Tactically, the mid-winter holiday season is the best excuse to give business gifts to new prospects. But strategically, it's the worst period for your gift to be noticed in the avalanche of presents exchanged at that time. For this reason, some businesses send out Thanksgiving gifts. Turkey Day has the added benefit of being a holiday without religious connotations.

Whatever the occasion, gift-giving is only successful by matching the present to the recipient. Many gifts are inappropriate because of gender, religion, ethnicity or lifestyle. You wouldn't give a squash racquet to a couch potato, for example.

Personalize, but don't make it too personal. Avoid gifts of clothing or personal care items, suggests the National Association of Female Executives. If the recipient is a cat lover, a cat calendar may work. If they're originally from Texas, they may appreciate a jug of authentic TexMex barbecue sauce.

Quality is an essential consideration, so select something you'd like to receive yourself.

"We always pay extra to get something nice," says Amy Kimball, project manager for Bonneville Communications. "A gift doesn't have to be big, but it does have to be classy." If your gift breaks quickly, that's the wrong message to send.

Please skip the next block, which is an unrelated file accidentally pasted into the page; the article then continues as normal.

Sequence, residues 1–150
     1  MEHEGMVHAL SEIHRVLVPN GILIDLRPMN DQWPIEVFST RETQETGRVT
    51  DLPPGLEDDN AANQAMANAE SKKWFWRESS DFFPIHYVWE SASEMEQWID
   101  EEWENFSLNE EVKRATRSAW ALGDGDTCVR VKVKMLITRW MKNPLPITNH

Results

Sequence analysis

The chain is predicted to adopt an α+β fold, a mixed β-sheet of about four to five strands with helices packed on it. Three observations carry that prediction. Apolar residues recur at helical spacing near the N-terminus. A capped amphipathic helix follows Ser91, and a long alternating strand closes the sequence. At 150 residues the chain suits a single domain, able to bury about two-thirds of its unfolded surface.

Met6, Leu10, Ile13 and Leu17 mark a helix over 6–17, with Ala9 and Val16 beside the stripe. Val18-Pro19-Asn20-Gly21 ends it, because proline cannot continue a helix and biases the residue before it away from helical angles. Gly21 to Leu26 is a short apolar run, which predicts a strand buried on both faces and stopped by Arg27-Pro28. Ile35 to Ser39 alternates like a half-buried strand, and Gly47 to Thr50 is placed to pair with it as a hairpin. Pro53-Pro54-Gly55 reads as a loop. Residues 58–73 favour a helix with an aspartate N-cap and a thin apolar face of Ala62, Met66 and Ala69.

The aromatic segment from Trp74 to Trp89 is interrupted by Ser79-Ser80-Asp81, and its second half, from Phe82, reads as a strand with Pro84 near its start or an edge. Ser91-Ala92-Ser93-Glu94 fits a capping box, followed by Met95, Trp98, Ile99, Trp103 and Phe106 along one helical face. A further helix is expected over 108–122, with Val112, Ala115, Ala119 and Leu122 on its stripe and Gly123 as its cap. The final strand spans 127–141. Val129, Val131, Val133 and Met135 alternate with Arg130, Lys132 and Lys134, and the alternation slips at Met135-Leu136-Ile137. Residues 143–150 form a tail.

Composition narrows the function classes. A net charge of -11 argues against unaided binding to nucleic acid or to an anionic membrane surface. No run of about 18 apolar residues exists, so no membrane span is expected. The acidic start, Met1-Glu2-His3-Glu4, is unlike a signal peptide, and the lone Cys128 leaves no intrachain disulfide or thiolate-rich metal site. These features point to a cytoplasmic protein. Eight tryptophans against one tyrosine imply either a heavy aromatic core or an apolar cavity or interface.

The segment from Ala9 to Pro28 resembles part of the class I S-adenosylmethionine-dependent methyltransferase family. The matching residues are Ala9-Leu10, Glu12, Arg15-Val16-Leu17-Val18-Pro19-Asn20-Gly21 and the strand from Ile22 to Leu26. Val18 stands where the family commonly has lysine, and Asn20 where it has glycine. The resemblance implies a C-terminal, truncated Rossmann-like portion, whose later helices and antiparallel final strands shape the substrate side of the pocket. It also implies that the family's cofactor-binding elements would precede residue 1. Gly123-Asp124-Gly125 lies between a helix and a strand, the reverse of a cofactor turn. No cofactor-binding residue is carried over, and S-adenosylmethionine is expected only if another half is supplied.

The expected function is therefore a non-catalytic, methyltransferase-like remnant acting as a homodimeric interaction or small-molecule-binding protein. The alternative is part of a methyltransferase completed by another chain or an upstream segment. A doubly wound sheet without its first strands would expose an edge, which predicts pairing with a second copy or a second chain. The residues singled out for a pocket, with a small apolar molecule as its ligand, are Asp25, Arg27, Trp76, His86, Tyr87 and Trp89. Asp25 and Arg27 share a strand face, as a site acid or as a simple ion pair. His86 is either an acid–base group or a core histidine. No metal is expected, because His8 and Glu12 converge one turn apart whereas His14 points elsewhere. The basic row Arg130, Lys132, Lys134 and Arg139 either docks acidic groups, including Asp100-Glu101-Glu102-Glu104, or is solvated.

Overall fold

A beautiful presentation enhances the perceived value of a gift, so make the wrapping and bow look as attractive as what is inside. You can add buzz to a present by making delivery unusual. "I once couriered a stuffed bear to a client's child who was in the hospital," says Kimball. People remember and talk about such thoughtfulness. You can get extra mileage on giving tickets, too, if you attend the event with your client or prospect. That way you can meet their spouse and help build a personal relationship.

It is tricky selecting business gifts, but retailers have corporate gift-buying services to help. Lands' End, Brookstone and local department stores offer free advice and give deals. For example, Brookstone offers business gift discounts, says Dustin Hahn, assistant manager of the Trolley Square store. "Gravity-defying" magnetic pens ($15) and touchscreen clocks ($30, or $10 with $50 purchase) are hot, he says, as are wafer-thin AcoustiClear sound systems costing $200-$500.

Food gifts are common, and sharing them matches the spirit of the holidays. Toys work well as business gifts because it is difficult to regard them as implying any obligation other than to have fun.